The first hundred or so pages are rather slow reading, but they are critical for understanding the period and the danger.  However, when one gives oneself over to them, they are also rather fascinating, and certainly informative.  From there, the story picks up quickly and the length of the book quickly becomes irrelevant and unnoticed.  
Lamentation” is not a story of palaces. It is a story filled with history, danger, sword fights, death, suspense and plot twists; it is all here.  There is even a rather fascinating secondary plot which serves to relieve a bit of the tension and serves as a diversion from Royal intrigues.

LAMENTATION (Hist Mys-Mattthew Shardlake-England-1546) – VG+
Sansom, C.J. – 6th in series
Mulholland, Feb 2015

Thursday, January 7, 2016

The Silence of Stones by Jeri Westerson

First Sentence:  The columns rose to impossible heights, casting irregular shadows upon the crowded nave of Westminster Abbey.   
Disgraced knight, Crispin Guest, is regarded as a traitor by King Richard II.   When the Stone of Destiny disappears, in a dramatic fashion, from under King Edward’s Chair, on which England’s monarch’s are crowned, Richard demands Crispin find the stone in three days, or his apprentice, Jack Tucker, will be executed.
Westerson establishes the premise, the characters, the threat and the risk, and then lets loose the story.  And what a wonderful, compelling story it is.  The story is truly brought to life with a combination of historical figures and vividly created fictional ones.  The balance of experience-hardened Crispin and Jack Tucker, the once street thief who inveigled his way into being Crispin’s apprentice, works so well.  While Crispin provides the preponderance of the action, Jack often makes us smile through his actions and dialogue—“My lady, if it pleases you to call me “Goat,” than whom am I to naysay you?  “Goat” it is.”, and they both account for the story’s suspense.  Yet it is the development of Crispin that provides some of the most moving scenes.  

Although the character of Rykener was introduced in an early book, he has a much greater role here and provide an excellent early twist and very good dialogue—“You canna make certain that the woman you abduct is a sarding woman?”—which has a flavor of the prior but makes no attempt to be of the period.  The inclusion of the Gaelic, which is, happily, translated, provides veracity to the story.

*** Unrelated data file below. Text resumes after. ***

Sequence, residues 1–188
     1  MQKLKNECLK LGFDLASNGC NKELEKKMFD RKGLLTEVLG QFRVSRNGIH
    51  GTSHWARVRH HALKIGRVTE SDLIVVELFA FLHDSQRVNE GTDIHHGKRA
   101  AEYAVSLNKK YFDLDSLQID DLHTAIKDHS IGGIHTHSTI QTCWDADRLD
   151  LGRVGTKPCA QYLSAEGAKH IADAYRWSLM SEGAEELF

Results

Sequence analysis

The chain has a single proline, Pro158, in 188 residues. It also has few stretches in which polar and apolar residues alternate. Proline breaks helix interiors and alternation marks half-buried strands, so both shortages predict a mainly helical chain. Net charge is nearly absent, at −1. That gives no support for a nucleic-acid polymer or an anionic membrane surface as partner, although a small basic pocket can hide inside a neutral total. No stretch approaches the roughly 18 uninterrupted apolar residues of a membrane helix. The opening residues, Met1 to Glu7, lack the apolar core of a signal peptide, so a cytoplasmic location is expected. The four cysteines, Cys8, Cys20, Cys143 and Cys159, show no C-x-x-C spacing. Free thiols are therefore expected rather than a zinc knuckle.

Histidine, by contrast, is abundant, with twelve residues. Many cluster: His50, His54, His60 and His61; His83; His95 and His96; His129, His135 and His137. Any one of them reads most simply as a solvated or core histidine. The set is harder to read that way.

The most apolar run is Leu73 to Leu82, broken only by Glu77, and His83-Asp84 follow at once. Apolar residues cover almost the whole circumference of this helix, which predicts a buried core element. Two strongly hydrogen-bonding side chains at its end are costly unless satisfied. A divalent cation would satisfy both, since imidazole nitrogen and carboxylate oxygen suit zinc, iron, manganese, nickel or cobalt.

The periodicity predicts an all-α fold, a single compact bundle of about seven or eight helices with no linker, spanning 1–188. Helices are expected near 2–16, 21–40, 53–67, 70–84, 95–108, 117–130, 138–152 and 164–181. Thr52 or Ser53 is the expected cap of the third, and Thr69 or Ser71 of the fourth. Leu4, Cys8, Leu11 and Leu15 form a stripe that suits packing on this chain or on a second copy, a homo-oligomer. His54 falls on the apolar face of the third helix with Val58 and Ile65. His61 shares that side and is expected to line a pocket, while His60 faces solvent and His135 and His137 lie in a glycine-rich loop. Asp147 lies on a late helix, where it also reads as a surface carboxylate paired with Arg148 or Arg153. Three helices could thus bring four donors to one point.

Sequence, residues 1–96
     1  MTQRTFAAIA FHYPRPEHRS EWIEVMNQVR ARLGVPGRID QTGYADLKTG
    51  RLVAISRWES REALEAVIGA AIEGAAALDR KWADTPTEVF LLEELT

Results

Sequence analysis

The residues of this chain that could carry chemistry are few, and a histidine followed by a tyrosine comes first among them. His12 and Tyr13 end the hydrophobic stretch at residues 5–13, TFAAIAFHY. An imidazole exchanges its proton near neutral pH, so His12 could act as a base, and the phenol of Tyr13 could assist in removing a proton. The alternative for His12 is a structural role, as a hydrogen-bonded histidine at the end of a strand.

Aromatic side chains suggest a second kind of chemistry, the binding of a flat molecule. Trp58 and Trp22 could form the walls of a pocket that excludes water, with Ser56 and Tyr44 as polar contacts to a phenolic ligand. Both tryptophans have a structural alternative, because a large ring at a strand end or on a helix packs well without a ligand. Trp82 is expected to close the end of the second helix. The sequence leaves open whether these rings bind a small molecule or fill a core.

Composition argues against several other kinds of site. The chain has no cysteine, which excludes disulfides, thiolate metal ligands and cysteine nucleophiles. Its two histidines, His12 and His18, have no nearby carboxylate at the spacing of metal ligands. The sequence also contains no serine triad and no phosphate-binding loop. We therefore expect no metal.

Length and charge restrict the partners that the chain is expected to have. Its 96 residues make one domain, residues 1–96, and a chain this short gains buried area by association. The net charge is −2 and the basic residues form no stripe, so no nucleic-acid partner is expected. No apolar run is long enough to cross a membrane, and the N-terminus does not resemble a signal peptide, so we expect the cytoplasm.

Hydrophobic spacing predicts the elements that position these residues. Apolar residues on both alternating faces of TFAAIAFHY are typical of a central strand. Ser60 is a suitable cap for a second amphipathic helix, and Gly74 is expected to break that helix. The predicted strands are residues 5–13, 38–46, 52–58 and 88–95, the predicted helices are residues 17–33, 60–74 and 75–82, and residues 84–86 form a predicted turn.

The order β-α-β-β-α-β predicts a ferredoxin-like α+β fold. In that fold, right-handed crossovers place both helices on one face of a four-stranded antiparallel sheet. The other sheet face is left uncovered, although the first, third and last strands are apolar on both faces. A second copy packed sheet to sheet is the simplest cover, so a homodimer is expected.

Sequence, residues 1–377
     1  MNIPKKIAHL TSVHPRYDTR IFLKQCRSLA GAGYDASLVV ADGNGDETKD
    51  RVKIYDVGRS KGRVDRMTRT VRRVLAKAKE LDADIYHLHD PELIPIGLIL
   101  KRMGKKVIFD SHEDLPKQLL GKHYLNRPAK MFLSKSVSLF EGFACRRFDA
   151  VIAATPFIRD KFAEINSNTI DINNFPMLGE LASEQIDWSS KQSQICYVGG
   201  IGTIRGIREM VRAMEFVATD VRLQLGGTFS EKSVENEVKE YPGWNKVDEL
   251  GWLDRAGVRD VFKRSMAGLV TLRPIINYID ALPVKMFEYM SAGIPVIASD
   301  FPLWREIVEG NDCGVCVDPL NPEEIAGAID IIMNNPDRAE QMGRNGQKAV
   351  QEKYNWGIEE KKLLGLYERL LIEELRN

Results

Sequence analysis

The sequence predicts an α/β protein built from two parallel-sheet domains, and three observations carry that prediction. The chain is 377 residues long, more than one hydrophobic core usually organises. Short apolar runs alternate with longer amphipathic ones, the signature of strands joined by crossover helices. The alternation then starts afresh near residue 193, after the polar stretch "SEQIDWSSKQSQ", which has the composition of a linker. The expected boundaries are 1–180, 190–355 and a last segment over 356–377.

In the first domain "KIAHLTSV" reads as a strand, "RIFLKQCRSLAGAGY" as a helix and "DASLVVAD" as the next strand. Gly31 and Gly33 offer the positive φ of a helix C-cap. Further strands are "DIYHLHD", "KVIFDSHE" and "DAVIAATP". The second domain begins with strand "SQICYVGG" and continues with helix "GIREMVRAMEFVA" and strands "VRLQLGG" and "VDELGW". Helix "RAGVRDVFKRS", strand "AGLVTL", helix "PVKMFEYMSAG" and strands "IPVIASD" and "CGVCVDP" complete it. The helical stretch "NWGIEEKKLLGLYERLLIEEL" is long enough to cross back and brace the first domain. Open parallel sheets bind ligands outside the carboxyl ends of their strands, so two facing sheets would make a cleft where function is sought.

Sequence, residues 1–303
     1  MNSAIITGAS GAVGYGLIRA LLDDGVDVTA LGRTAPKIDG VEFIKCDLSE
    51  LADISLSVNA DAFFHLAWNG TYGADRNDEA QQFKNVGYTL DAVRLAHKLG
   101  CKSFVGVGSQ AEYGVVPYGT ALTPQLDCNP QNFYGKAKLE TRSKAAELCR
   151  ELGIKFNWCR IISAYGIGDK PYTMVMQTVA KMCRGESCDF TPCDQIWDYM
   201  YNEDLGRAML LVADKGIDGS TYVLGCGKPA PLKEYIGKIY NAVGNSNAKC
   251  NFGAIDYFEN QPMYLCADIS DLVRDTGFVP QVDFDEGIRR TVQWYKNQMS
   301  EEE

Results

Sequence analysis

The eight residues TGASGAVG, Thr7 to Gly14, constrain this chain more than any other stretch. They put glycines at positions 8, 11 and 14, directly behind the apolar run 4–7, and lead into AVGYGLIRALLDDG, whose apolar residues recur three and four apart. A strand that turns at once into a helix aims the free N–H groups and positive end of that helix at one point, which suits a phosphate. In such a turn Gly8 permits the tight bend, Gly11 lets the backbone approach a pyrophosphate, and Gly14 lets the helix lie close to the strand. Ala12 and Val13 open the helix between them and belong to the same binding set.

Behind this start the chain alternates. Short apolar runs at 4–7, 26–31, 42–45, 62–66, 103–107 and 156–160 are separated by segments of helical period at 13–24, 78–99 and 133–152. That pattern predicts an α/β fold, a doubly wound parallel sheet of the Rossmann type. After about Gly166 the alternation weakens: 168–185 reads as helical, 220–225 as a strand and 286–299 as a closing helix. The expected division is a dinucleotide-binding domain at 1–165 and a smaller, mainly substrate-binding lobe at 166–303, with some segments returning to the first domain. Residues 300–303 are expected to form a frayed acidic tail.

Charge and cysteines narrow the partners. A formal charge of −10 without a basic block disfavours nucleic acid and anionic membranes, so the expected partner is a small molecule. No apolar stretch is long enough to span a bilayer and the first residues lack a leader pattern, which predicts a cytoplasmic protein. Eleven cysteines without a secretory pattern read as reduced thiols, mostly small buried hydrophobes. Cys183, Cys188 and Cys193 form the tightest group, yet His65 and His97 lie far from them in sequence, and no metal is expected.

The detail and amount of historical research is apparent while never overshadowing the story, which is clearly character-driven. One sees Jack maturing, as well as Crispin coming to realize just how much Jack means to him.  That Jack has adopted Crispin’s propensity for quoting Aristotle is delightful.  The Lady Katherine in the story, is not the “Katherine” of Anya Seaton—a book beloved by so many--but is a more honest representation of the figure, yet still one which can be recognized—“I am surrounded by men who cannot be commanded one way or the other…”
Westerson is good at providing those moments which give us pause—“but we have a habit, does Man, of taking that which we see every day with a certain amount of disdain in its monotony.  Only when there is chaos do we find it golden.  Only when it is lost do we feel the loss.”
The Silence of Stones” is a captivating, action-filled book with two mysteries solved from different sides, which also provides a lesson in honor.  Westerson is one of those authors who is always a pleasure to read.

THE SILENCE OF STONES:  A Crispin Guest medieval noir (Hist Myst-Crimpin/Jack Taylor-England-1338) – VG+
Westerson, Jeri – 7th in series
Severn House – Feb 2016

Thursday, December 31, 2015

Robert B. Parker's Lullaby by Ace Atkins

First Sentence:  I spotted the girl even before she knocked on my door.
Tough, street-wise Mattie Sullivan hires Spenser to find her mother’s killer.  Even though a man was convicted, Mattie doesn’t believe he’s the killer.  Agreeing on a fee of doughnuts, literally, Spenser is intrigued enough to look into it.  When the trail leads to old advisories, drugs, and the FBI, Spenser, with the help of Hawk, know they need to keep Mattie safe and to find the answers.
Atkins does a very good job of capturing Parker.  All the elements that should be there; are there.  In addition to the standard cast of characters—it is nice that Atkins as made Susan rather more likable—Spenser’s client makes a definite impression as she’s a girl who’s had to grow up way too fast and is handling it.  An entire discussion could be held about Mattie in terms of our view of children growing up today, as opposed to how they grew up in the past and their different levels of responsibility.
One can also count on Spenser to trigger your hunger response—“I had envisioned a filet, medium rare, with creamed spinach and mashed potatoes.”  He is also the single greatest representative for the Boston Tourist Board possible.  You are in the city with him; everyplace from the roughest neighborhoods, to the best.  But it’s his inclusion of dining spots that is particularly fun; Locke-Ober, Legal Seafood and, a particularly favorite, Union Oyster House; the oldest restaurant in Boston—“A big steaming bowl of clam chowder arrived with a thick wedge of cornbread.  The heavens opened up.  The angels reappeared.”—down to Dunkin’ Donuts.